The logical answer to that question would normally be “yes.” Unions are groups of employees that have gathered to provide them the opportunity to deal with wages, hours and working conditions, but if you have been paying attention you know the National Labor Relations Board has been working hard to extend their domain into non-union companies. Attorney Richard J. Reibstein, of the firm Pepper Hamilton LLP, now reports that the NLRB may now be stepping into the independent contractor arena.
Unfair Labor Practice
According to Reibstein this move stems from a case in which the Teamsters were trying to organize a group of truck drivers around the ports in California. One group of truck drivers were not employees of the company being organized, rather they were independent contractors. The Teamsters filed a complaint that these drivers were misclassified as ICs and should more properly be classified as employees. This would give the Teamsters the right to try to organize them. The Regional Director for the NLRB agreed with the Teamsters and issued an unfair labor practice saying the company “has misclassified its employee-drivers as independent contractors, thereby inhibiting them from engaging in Section 7 activity and depriving them of the protections of the [National Labor Relations] Act.” Yes, you read that correctly having independent contractors could be deemed an unfair labor practice.
This case is not yet settled and there were some other circumstances that lead to the ULP charge, however, there are some significant implications with this action if it were to happen to your company. If the NLRB finds the drivers to be improperly classified as independent contractors the door is opened to the IRS, USDOL and state agencies to come in and charge the company with FLSA, tax and insurance violations. This company could end up with huge back pay issues, back taxes issues and lack of workers’ compensation coverage, plus now having more workers potentially covered by a union contract.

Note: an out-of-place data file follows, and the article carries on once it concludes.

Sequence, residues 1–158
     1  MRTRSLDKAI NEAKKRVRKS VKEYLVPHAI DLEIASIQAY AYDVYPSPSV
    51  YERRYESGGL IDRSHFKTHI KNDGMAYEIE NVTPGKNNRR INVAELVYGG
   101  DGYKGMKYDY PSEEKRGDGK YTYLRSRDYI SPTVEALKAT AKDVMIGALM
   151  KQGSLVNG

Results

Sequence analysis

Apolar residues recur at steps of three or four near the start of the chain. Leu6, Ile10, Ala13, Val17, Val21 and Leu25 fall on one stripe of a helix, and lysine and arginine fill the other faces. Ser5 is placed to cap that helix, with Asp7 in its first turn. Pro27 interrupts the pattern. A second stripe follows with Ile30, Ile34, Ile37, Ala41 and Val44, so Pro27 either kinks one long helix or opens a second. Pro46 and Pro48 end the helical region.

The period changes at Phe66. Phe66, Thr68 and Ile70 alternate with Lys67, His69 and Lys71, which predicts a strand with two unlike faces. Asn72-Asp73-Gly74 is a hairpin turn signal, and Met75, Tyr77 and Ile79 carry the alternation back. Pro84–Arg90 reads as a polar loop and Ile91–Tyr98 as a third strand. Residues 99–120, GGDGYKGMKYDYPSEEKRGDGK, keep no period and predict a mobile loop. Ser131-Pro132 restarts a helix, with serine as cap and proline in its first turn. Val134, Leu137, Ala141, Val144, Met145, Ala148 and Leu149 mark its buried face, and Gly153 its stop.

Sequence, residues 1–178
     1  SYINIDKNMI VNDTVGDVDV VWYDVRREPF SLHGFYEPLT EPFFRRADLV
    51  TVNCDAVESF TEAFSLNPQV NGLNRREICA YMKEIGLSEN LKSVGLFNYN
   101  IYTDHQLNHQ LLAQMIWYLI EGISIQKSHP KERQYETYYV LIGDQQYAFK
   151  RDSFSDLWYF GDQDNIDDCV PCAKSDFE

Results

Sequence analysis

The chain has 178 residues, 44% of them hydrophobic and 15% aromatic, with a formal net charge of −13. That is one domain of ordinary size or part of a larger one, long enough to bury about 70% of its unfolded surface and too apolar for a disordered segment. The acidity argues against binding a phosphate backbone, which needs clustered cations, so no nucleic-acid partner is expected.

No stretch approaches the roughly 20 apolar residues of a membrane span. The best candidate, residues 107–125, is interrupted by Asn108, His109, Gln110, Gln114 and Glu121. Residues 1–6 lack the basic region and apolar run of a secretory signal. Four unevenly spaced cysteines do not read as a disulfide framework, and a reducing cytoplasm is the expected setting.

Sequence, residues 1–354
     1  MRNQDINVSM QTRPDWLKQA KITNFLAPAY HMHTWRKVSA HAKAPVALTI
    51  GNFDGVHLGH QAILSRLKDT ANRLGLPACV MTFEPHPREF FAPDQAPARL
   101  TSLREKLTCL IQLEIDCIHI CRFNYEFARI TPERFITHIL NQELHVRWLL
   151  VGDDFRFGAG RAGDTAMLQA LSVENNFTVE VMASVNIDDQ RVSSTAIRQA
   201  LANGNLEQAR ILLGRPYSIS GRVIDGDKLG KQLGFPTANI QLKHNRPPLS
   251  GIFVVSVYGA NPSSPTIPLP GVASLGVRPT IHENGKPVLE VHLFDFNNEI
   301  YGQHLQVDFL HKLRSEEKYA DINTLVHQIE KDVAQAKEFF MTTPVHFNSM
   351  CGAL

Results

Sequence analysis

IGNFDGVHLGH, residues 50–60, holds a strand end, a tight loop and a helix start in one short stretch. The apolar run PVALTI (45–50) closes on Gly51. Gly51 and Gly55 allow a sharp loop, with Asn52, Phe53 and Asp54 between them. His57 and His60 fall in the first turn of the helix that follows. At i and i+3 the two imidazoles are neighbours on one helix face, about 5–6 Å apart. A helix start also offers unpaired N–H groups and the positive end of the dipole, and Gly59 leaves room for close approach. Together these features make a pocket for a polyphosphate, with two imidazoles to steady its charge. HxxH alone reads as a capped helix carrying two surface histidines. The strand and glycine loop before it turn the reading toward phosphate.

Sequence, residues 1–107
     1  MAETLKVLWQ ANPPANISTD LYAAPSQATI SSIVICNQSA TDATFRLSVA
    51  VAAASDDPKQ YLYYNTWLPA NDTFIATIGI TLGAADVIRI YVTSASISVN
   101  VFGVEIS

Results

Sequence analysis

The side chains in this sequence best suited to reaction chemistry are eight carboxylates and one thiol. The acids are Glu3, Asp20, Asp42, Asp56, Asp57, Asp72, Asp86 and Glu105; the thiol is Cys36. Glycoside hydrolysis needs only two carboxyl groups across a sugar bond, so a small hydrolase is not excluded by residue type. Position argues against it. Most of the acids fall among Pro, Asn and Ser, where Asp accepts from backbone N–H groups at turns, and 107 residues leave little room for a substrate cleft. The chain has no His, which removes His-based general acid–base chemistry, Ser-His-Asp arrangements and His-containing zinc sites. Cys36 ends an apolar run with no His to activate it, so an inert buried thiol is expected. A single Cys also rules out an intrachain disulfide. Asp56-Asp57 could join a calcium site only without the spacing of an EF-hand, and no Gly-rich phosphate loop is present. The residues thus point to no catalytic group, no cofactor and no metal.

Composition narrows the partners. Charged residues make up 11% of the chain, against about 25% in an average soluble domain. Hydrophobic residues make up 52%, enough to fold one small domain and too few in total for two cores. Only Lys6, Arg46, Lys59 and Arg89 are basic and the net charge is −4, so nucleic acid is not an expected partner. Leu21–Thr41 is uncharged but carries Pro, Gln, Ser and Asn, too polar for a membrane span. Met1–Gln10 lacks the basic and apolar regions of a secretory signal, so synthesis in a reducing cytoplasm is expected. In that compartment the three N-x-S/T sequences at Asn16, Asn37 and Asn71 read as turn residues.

On-demand workers targeted
Attorney Reibstein feels that this case is a direct result of stated targets of Richard Griffin, the General Counsel of the NLRB. Reibstein said Griffin “issued a memorandum to all Regional Directors listing the types of cases that are required to be submitted to his Division of Advice where they ‘involve the General Counsel’s initiatives or policy concerns.’ One of the types of cases he listed are those ‘involving the employment status of workers in the on-demand economy.’ Thus, it appears likely that the issuance of the complaint was at the specific direction of the General Counsel.” The USDOL and the IRS have been on the warpath against the use or misuse of independent contractors for a couple of years now. (See Do you know the penalties for improperly classifying employees as Independent Contractors?) Thus, it is no surprise that yet another agency of the government would take up the banner.
The fix for this situation and the best way to avoid problems with the government over misclassification is to make sure you have workers classified correctly. I provide some of that guidance in this post Do you know the penalties for improperly classifying employees as Independent Contractors? Take a look and make sure you are doing it correctly.